Nevis mansion house for
which the property is named. Constructed in 1835.
RARAF was conceived in the late 1960s by Drs.
V. P. Bond and H. H. Rossi. The immediate aim was to provide a
source of monoenergetic neutrons designed and operated specifically
for studies in radiation biology, dosimetry, and microdosimetry.
The facility was built around the 4 MV Van de Graaff accelerator
that originally served as the injector for the Cosmotron, a 2
GeV accelerator operated at Brookhaven National Laboratory (BNL)
in the 1950s and early 1960s. In 2006 the Van de Graaff was replaced
by a 5 MV Singletron from High Voltage Engineering Europa (HVEE)
in the Netherlands.
RARAF operated at BNL from 1967 until 1980, when
it was dismantled to make room for the ISABELLE project, a very
large accelerator which was never completed. A new site for RARAF
was found at the Nevis Laboratories of Columbia University where
the Nevis Cyclotron was being disassembled. The U.S. Department
of Energy provided funds to move RARAF to Nevis Laboratories and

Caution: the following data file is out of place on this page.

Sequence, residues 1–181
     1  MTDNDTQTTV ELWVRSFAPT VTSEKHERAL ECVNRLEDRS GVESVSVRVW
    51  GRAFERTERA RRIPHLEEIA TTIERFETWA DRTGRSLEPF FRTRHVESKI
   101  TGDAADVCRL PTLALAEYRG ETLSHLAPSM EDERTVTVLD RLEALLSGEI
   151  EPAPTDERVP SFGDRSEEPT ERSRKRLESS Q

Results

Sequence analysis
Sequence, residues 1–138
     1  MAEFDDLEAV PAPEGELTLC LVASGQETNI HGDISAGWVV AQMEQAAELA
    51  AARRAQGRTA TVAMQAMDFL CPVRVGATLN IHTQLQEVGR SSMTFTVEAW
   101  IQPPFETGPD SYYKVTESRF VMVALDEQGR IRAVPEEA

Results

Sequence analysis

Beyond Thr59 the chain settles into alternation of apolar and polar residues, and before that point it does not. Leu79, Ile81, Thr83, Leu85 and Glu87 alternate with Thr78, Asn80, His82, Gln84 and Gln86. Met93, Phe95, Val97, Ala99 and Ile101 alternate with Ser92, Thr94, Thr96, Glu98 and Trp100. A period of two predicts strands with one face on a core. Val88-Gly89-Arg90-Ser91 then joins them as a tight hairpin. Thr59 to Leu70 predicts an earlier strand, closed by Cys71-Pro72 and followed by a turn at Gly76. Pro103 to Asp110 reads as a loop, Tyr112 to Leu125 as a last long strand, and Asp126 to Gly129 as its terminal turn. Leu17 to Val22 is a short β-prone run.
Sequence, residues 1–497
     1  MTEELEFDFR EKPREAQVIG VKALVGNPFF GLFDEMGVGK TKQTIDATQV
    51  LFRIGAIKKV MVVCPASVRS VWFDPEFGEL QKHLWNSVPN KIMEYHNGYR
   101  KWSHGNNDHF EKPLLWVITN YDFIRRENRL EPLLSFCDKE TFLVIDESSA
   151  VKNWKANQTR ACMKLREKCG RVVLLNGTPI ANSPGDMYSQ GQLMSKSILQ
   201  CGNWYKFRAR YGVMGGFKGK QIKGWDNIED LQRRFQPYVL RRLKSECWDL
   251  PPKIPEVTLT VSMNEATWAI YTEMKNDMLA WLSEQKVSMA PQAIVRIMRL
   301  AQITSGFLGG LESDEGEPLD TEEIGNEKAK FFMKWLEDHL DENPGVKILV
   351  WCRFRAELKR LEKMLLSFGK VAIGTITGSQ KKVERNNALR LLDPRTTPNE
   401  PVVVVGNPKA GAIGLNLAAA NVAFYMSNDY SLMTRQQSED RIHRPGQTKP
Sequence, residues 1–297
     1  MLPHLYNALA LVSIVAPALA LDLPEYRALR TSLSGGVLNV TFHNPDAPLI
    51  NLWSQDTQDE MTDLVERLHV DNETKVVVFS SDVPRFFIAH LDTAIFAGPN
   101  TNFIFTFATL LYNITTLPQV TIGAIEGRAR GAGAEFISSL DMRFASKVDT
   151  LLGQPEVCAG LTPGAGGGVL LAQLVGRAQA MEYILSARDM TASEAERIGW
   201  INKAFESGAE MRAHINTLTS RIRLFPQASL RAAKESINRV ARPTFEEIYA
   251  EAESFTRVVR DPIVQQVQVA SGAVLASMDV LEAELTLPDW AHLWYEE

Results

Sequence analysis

reassemble it in a new multi-level facility constructed within
the Cyclotron Building. The new RARAF has been routinely operating
for research since mid-1984.
In addition to the research conducted by members of Columbia
University's Center for Radiological Research (CRR), during the
more than four decades that RARAF has been in operation, experiments
have been performed for over 50 different research groups from
more than 40 institutions including universities, national laboratories,
cancer centers, and private corporations. These experiments, along
with those conducted by members of the CRR, have resulted in more
than 300 publications in refereed journals, proceedings, and books.
Research has been conducted in the fields of radiation biology,
radiological physics, radiation chemistry, health physics, and
medicine. These research groups have visited from at least 19
states and 7 countries.
Nevis Laboratories are located on a scenic 60-acre estate originally
owned by the son of Alexander Hamilton. The DuPont family of Delaware
donated the estate to the University in 1934, and construction
of physics facilities at Nevis began in 1947. In the early 1950's
Dwight D. Eisenhower, then President of the University, inaugurated
what was then the world's most powerful cyclotron, which was eventually
retired in 1978.